general/other Issue(s) booting FreeBSD 12.2 aarch64 on Parallels Desktop on Apple Silicon

I've succeeded in importing the 'FreeBSD-12.2-RELEASE-arm64-aarch64.vhd' into the Parallels Desktop 16 for Mac M1 Preview Edition by converting the given .vhd into .hdd and substitute the .hdd file in the .pvm. However, after booting, issues occur that I can't do anything else.

As you have seen, it seems that things related to filesystem failed in the booting procedure. And though RETURN directly enables access to /bin/sh, operations like adduser, bsdinstall, etc. can't be finished for the filesystem is read-only, and I can't do anything else.
I'm a UNIX newbie and have no knowledge on how to solve this kind of problem on myself. Few resource can be found on running an aarch64 FreeBSD VM on Parallels Desktop, and I wonder if special preparations beyond me should be made in advance.
The version of Parallels Desktop installed is 16.3.1(50393) Technical Preview on a MacBook Air M1 8GB.
You need to select just one CPU in Parallels and then it boots without issue (on my M1 Mac mini 8G/256G).

Unfortunately in Xorg it does not recognise the mouse which is very unhelpful :(

If you just want consoles though, it is very nice even with just one CPU. A kernel recompile took just under 10 minutes .
Did you try both with and without moused running?
FYI, I just committed some updates to sysutils/desktop-installer to auto-configure X11 under x86 Parallels and VMWare. I'd be interested in knowing if it works on M1 Macs as well.
Bummer. Hopefully someone else with an M1 will spot this thread and have a look.
Mouse issues can also be video-driver related and solved by switching to software cursor. Both moused and software-sursor are default-on options in desktop-installer for this reason.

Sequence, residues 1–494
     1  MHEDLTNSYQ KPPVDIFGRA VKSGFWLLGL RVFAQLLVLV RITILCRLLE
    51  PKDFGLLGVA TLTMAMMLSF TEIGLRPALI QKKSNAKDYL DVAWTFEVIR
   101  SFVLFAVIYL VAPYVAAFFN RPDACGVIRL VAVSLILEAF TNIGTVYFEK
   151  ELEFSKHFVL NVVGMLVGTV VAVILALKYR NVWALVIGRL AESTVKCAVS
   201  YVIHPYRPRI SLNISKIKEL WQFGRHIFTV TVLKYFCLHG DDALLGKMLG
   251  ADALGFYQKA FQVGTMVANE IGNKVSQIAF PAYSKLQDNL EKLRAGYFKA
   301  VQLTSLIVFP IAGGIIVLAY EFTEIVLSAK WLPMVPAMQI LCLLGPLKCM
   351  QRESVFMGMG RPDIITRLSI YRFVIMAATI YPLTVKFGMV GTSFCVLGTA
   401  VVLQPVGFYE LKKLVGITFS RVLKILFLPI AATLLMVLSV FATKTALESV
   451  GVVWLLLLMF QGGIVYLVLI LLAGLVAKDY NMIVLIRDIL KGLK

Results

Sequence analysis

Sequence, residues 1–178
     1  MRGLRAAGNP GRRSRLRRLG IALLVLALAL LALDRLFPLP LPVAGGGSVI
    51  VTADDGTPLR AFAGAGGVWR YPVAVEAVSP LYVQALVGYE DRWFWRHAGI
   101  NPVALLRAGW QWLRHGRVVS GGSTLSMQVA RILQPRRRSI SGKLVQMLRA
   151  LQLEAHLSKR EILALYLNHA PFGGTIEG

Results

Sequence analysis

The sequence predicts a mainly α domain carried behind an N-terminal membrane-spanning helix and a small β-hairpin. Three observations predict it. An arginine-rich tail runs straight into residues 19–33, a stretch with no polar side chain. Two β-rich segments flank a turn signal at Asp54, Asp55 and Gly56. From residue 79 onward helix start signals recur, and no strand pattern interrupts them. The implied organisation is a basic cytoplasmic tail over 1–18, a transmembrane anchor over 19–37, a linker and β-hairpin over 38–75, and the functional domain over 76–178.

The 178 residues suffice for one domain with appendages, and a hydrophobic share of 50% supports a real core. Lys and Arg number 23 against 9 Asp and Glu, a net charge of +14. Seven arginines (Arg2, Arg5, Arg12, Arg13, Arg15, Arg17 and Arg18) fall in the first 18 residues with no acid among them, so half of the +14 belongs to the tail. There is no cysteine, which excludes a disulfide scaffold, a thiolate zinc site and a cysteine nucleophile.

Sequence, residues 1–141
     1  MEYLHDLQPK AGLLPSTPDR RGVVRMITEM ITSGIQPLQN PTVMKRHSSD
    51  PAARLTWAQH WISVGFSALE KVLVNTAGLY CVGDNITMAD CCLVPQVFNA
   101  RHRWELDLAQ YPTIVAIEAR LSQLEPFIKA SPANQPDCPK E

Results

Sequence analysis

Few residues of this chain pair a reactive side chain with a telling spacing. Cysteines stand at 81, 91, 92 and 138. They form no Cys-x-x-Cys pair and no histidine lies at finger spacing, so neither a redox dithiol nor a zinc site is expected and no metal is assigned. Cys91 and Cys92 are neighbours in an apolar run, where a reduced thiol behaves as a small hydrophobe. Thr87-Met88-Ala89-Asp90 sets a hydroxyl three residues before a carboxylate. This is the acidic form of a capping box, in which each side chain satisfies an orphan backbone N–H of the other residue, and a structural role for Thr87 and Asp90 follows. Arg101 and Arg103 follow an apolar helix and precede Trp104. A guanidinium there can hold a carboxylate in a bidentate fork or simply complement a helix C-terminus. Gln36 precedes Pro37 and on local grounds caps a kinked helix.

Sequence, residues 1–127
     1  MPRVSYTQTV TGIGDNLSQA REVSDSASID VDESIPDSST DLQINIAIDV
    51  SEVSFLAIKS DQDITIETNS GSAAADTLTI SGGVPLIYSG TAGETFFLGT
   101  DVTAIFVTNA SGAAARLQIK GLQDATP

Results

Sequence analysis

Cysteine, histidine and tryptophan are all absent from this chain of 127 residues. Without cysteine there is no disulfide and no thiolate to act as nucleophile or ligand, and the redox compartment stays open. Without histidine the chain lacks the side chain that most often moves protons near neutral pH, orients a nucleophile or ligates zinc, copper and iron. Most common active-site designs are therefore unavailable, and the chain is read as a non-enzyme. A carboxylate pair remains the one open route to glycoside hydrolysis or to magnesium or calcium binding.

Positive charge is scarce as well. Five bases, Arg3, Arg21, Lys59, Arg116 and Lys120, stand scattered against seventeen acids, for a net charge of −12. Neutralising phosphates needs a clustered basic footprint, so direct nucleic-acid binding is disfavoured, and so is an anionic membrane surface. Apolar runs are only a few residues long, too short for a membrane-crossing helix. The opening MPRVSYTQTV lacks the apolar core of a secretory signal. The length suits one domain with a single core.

I had a similar situation with having difficulty getting the mouse to work in both VMWare & Parallels on an M1 mac. I installed from the iso file, parallels seemed to require FreeBSD 14-CURRENT or else it would crash during boot. VMWare fared better and I was able to use FreeBSD-13-RELEASE. Both worked with multiple (2) CPUs, but I was stuck w/o a working mouse on both.

I was worried I needed the xf86-input-vmmouse package to get a working mouse (there's no aarch64 build though), and I followed many suggestions involving enabling things in rc.conf, disabling autoadddevices for Xorg and then manually setting up the mouse device there.

Ultimately the only change I needed was:

# /boot/loader.conf

This fixed the issue for both VMWare & Parallels. Mouse is working in the terminal w/ moused & in Xorg.

I hadn't seen any info about desktop-installer until this thread, sounds like I should have given that a try!

Hopefully this info helps someone else.

I found the referencing to using ums_load in relation to FreeBSD on an ARM64 VM here:
Welcome to FreeBSD Forums.

… things related to filesystem failed in the booting procedure. …

The failure to grow the UFS file system is remarkable. Given the virtual machine context (I haven't touched Parallels for around fifteen years) I might guess that this relates to use of resizing, in combination with snapshots, at the VM level. I base this guess on experience with VirtualBox.

From the closing lines in your photograph, I wonder whether the file system will be irreparable. Beyond the pictured failure of fsck_ufs, you might also find it impossible to use what's called the rescue system; and so on.

A comparable photograph, which I took a few months ago:

View attachment 10114


… RETURN directly enables access to /bin/sh, … the filesystem is read-only, …

The RETURN takes you to single user mode, in which things are read-only by design. To mount the root of the file system with write access:

mount -uw /

Then you can attempt:

fsck -fn

forcing checks and not attempting to write changes. I suspect that the checker will crash, as before.

… I'm a UNIX newbie …

If you can:
  1. start afresh with anything other than the FreeBSD-provided images for virtual machines
  2. install FreeBSD 13.0-RELEASE to an empty virtual disk
  3. make the logical (virtual) size reasonably future-proof, I typically choose 128 GB
  4. for the file system, choose ZFS, not UFS.